Hongkongers tend to prioritise the payment of revolving lines before personal loans and credit cards, according to TransUnion.
In the latest findings, customers holding all three products in their wallets over the same period of time were twice as likely to default on personal loans than a revolving line, and more than four times as likely to default on a credit card than a revolving line.
“These findings suggest that there is an opportunity for lenders to continue to provide much needed liquidity to consumers who need to manage the risk effectively. Our analysis suggests revolving lines may be a growth product for lenders, if correctly managed and understood,” said Marie Claire Lim Moore, CEO of TransUnion Hong Kong.
However, not every Hongkonger has all three types of these products. Currently, credit cards are the most widely-adopted consumer credit products in the Hong Kong market, with 96% of credit-active adults holding one or more cards. Hongkongers have four to five credit cards on average. When analysing consumers with multiple credit cards and personal loans, TransUnion said that during times of financial stress, consumers were more than four times as likely to default on a credit card than their personal loans.
Such findings were applicable to different risk segments and generations, although the delinquency spread between the two products tends to vary among different consumer segments. Consumers with higher risk were roughly twice as likely to default on credit cards than a personal loan, while consumers with lower risk were six times as likely. The relative tendency to prioritise personal loan payment over credit cards was similar across generations, although the younger generations tended to have higher levels of delinquency generally.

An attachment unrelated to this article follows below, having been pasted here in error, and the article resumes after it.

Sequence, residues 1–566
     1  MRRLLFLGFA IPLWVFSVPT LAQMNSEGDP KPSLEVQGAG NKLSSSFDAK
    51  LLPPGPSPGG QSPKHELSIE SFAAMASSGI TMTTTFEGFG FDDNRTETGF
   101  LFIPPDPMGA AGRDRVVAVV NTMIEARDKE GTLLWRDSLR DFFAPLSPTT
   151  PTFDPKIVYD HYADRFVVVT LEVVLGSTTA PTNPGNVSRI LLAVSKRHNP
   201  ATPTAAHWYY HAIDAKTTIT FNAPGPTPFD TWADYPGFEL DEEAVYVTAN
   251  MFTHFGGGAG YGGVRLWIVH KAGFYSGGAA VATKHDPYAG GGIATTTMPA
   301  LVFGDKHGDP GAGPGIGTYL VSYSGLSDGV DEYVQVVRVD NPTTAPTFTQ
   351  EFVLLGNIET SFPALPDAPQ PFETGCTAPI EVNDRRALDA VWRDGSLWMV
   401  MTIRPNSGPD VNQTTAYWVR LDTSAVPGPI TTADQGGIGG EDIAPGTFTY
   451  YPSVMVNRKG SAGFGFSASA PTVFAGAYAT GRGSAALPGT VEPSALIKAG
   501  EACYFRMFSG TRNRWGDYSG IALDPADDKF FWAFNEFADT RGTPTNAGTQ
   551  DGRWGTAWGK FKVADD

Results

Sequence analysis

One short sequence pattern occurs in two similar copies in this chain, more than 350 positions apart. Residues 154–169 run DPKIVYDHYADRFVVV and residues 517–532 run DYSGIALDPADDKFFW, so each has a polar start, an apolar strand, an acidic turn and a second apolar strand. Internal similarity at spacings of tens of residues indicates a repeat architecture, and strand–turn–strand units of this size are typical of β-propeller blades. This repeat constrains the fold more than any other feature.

The research looks to understand any recent impacts on the consumer payment hierarchy due to economic shifts spurred by the pandemic. The findings indicate that the delinquency spread between credit cards and personal loans has widened by 20 basis points, indicating an increasing preference to pay personal loans ahead of credit cards.
When looking at consumers who just had a credit card in their wallet along with a personal loan, they tended to prioritise credit card payment. This was perhaps due to the lack of options available to them and hence they needed to protect the single card for everyday transactions and as a source of ongoing credit.
"Armed with insights across a consumer’s holistic wallet, lenders can better identify and predict top-of-wallet behaviours. By using trended data and advanced analytical techniques, lenders can meet the needs of consumers to stay or become the top-of-wallet card, and monitor shifting consumer behaviours during times of stress," said Moore.
"Understanding consumer preferences and behaviours can help lenders manage and set strategies through these unprecedented times," she added.